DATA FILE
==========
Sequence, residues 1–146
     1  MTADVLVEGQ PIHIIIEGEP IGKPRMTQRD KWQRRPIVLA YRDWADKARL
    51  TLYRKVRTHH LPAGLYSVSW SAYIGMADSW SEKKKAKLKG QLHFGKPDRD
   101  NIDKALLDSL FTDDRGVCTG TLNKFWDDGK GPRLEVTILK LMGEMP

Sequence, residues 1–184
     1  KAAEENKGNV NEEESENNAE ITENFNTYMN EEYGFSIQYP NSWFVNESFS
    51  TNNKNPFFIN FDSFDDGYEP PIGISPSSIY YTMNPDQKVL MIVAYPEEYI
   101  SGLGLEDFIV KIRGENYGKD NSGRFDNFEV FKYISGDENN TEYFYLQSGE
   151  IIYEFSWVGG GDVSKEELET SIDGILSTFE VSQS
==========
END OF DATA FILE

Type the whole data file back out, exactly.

Sequence, residues 1–146
     1  MTADVLVEGQ PIHIIIEGEP IGKPRMTQRD KWQRRPIVLA YRDWADKARL
    51  TLYRKVRTHH LPAGLYSVSW SAYIGMADSW SEKKKAKLKG QLHFGKPDRD
   101  NIDKALLDSL FTDDRGVCTG TLNKFWDDGK GPRLEVTILK LMGEMP

Sequence, residues 1–184
     1  KAAEENKGNV NEEESENNAE ITENFNTYMN EEYGFSIQYP NSWFVNESFS
    51  TNNKNPFFIN FDSFDDGYEP PIGISPSSIY YTMNPDQKVL MIVAYPEEYI
   101  SGLGLEDFIV KIRGENYGKD NSGRFDNFEV FKYISGDENN TEYFYLQSGE
   151  IIYEFSWVGG GDVSKEELET SIDGILSTFE VSQS